After the 13th century no major monuments seem to have been constructed at Chichen-Itza and the city rapidly declined after around 1440 A.D. The ruins were not excavated until 1841 A.D.

Chichen Itza Tour

I had booked a Grayline tour through the hotel concierge that picked me up at my hotel. Chichen Itza is a hour and a half drive from Merida.

The tour seems to come out of the Mayaland Hotel situated right on the edge of the Chichen Itza ruins. A really nice hotel with an amazing old tree.



This is wher the Chichen Itza tour started.


Before getting to actual ruins we had to pass through a gauntlet of people selling stuff to tourists.


This is all over the ruin sight. They are everywhere. No souvenirs for me as I have no room on my motorcycle for them.

Finally the ruins appeared. The famous El Castillo:





The Great Ball Court where the winners of the game were sacrificed to the gods. The losers were banned from the city and were to make babies for the gods. Huuuummmm I think I would throw the game.



Juego de Pelota:


The tour was rather short. There seemed to be a bit more that we didn’t see on the tour. We had a hour of free time so I went exploring around some crumbled small ruins before a buffet lunch that came with the tour.

Perhaps my expectations were too high, but I have to say that for me the ruins were a disappointment. Teotihuacan outside of Mexico City were far more impressive and larger. Plus you could climb up on the pyramids. Perhaps Chichen Itza has more historical value, but from a uninformed tourist point of view (me) I liked Teotihuacan much more.

My Route for Location from April 10, 2017


My Location from April 11 to 14, 2017


The Route for my Chichen Itza Tour


Cancun Conundrum

On arriving back in Mexico I stayed a night in Chetamul and then rode to Cancun to face a conundrum. I was looking forward to Cancun as I have heard so much about it. But my first priority was to get my new Visa credit card after mine had somehow been compromised.

Waiting for my Visa Credit Card

I booked Monday to Friday in the Hotel Margaritas to wait for my new credit card which Visa said they were couriering over. It was suppose to reach me in 2 business days. The one catch was that they said I needed to personally sign for it and that they couldn’t give me a tracking number yet.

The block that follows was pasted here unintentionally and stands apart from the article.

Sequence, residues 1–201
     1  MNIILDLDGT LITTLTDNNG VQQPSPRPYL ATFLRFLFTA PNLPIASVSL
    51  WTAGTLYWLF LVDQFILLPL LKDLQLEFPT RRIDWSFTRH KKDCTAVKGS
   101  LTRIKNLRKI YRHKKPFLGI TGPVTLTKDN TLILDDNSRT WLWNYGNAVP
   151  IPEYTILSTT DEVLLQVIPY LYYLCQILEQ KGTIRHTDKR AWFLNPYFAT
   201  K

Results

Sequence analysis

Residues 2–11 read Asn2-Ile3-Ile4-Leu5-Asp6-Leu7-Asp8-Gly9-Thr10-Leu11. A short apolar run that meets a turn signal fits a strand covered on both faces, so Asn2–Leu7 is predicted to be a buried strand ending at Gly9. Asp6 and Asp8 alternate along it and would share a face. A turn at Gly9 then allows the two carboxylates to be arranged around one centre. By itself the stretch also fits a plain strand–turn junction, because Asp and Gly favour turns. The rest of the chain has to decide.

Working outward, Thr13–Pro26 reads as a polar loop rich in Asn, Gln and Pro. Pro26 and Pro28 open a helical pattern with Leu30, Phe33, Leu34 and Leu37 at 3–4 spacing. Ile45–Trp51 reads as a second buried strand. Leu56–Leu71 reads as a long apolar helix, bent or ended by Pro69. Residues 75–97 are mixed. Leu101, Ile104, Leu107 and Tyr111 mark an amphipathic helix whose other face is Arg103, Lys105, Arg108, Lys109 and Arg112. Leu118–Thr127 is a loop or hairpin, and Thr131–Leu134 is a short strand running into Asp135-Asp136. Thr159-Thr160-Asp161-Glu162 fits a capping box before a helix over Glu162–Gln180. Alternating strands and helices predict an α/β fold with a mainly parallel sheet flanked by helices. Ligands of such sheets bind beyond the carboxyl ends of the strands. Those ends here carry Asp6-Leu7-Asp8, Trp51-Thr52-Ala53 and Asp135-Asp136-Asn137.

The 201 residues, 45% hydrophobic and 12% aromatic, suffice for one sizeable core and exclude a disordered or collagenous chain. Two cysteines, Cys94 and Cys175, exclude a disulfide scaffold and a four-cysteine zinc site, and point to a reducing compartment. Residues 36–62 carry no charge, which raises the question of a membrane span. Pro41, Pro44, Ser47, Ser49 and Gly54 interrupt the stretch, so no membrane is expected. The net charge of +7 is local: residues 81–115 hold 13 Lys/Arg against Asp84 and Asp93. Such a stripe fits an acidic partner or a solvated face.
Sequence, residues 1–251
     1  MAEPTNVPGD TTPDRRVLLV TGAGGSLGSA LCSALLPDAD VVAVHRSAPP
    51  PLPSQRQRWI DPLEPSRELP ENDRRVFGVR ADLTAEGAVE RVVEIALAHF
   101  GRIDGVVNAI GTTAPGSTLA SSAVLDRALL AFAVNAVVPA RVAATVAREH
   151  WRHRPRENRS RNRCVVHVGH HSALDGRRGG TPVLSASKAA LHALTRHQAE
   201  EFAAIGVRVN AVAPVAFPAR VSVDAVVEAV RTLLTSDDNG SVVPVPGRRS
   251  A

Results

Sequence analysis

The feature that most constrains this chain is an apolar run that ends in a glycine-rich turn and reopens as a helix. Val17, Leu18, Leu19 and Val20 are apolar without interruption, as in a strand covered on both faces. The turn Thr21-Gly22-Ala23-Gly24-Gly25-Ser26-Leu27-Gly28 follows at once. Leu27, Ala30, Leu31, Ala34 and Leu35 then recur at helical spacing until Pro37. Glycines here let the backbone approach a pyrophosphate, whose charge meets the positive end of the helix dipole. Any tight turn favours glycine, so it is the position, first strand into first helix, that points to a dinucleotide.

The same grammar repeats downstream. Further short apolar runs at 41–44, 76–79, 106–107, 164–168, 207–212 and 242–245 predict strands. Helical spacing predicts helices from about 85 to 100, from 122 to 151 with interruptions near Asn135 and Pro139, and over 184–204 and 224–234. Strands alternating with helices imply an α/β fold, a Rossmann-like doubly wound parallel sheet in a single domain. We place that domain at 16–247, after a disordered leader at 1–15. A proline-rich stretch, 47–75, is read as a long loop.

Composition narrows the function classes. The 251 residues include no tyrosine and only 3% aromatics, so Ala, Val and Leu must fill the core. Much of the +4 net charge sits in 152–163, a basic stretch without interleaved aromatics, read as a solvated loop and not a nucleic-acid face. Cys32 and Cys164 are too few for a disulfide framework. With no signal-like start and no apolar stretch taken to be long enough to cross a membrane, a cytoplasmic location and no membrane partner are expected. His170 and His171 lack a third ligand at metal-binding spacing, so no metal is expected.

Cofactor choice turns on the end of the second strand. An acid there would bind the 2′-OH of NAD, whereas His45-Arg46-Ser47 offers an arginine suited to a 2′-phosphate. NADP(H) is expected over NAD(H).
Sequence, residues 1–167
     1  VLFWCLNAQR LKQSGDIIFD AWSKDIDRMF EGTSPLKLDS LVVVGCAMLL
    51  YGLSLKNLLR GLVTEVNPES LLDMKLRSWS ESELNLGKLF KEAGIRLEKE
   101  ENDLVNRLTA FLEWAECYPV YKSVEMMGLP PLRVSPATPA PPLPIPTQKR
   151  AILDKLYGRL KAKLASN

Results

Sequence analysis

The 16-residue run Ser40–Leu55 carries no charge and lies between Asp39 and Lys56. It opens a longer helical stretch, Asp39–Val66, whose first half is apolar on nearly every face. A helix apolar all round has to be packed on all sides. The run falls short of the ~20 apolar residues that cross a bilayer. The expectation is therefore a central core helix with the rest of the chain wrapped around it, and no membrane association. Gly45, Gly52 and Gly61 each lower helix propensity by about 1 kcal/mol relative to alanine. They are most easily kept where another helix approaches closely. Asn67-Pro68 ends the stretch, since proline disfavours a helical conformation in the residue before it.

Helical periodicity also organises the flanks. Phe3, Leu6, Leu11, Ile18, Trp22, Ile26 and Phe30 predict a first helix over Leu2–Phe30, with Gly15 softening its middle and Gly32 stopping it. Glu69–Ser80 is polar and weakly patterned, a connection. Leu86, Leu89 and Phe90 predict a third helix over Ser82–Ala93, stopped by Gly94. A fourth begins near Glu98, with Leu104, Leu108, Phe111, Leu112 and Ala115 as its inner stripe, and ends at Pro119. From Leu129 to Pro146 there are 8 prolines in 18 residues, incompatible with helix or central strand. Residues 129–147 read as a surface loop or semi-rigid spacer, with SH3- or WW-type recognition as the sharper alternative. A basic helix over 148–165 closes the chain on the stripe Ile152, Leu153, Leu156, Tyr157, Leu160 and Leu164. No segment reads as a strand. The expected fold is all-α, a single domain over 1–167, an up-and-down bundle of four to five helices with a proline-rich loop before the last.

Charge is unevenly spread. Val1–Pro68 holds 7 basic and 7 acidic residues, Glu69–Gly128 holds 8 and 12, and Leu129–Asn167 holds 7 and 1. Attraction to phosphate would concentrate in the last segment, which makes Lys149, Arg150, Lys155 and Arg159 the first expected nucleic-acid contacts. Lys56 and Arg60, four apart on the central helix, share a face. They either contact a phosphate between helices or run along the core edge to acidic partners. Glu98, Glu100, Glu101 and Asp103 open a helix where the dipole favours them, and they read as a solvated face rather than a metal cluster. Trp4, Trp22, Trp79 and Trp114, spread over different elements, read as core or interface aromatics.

Soooooooo, for the next three and a half days I waited and waited and waited in the hotel lobby for my card to arrive.

waiting-for UPS

And spent the evenings in my room, playing Age of Empires and watching Hogan’s Heroes. Love that show.



On day two I finally got a tracking number which helped. It said the package was in Cancun. Later the UPS site said it was undeliverable because the address was wrong. WHAT?! I gave the hotel name twice to the Visa rep I talked to. And read the address to him a couple of times. I got the hotel staff to phone UPS and explain where I was. UPS said it would be delivered the next day.

It didn’t arrive!

By this time I was extremely frustrated. I could feel it welling up inside me. I shot off a couple angry emails to UPS just to vent. They didn’t answer and that made me even more ticked.

By the afternoon of the fourth day it finally arrived. For a moment I was elated. I went to my room and opened the package. The elation came to an abrupt end when I realized Visa had sent me the exact same card I already had! How was this going to solve the problem of my card being compromised?!

I Skyped with Visa and after being passed to three different people they discovered they had made a mistake. I guess those things happen but I was so pissed. I had wasted 4 days in Cancun waiting for this. Visa gave me 5,000 Aeroplan miles to compensate, but this hardly made up for everything. All I could do is phone Visa back when I had another hotel for them to send it to. Cancun was too expensive for me to stay longer.

Searching for Hotels

I had gotten my hotel for a good price from Monday to Friday. But I had wasted those days waiting for my Visa. Everything is expensive in Cancun 🙁 My hotel was going to be double the price over the weekend. At the same time I wanted to see Cancun, especially the famous beaches! So I bit the bullet and booked the weekend at the same hotel.

Cancun Beaches

The hotel had a free shuttle to the beach. I took advantage of it and on Saturday and Sunday I headed for the beach.

When I first saw the white powder beach and the crystal clear turquoise water I got a huge smile on my face. It was truly amazing! I spent most of the day walking up and down the beach in the water.










Cancun Beach Strip

It was hot walking the beach and by the afternoon I could feel myself getting burnt. I headed to the strip to see if I could find a cool place for a drink and use wifi.

The strip is made to party! It is filled with clubs and tourist stores.



This was certainly not the Mexico I had know for the last few months. I settled on going to Hooters as it was one of the few places open. It was only the afternoon so everyone must have been still sleeping.

It was cool inside and had wifi. My server? Well she was from Russia … huuummmm. Hard to tell I was in Mexico.


After my “Big Daddy” beer I saw this sign.


I guess I won’t go back on Sunday ha ha ha.

On Sunday I went to Haagen Daus for ice cream instead. I couldn’t believe it … 136 pesos or about $10 Canadian dollars for 2 scoops of ice cream! Things are very expensive in Cancun! Definitely catering to the reach tourists on vacation. That wasn’t me. This is everyday life for me.

While beach were so nice, the prices weren’t. It was time to leave Cancun.

My Route on April 3, 2017


My Location from April 4 to April 9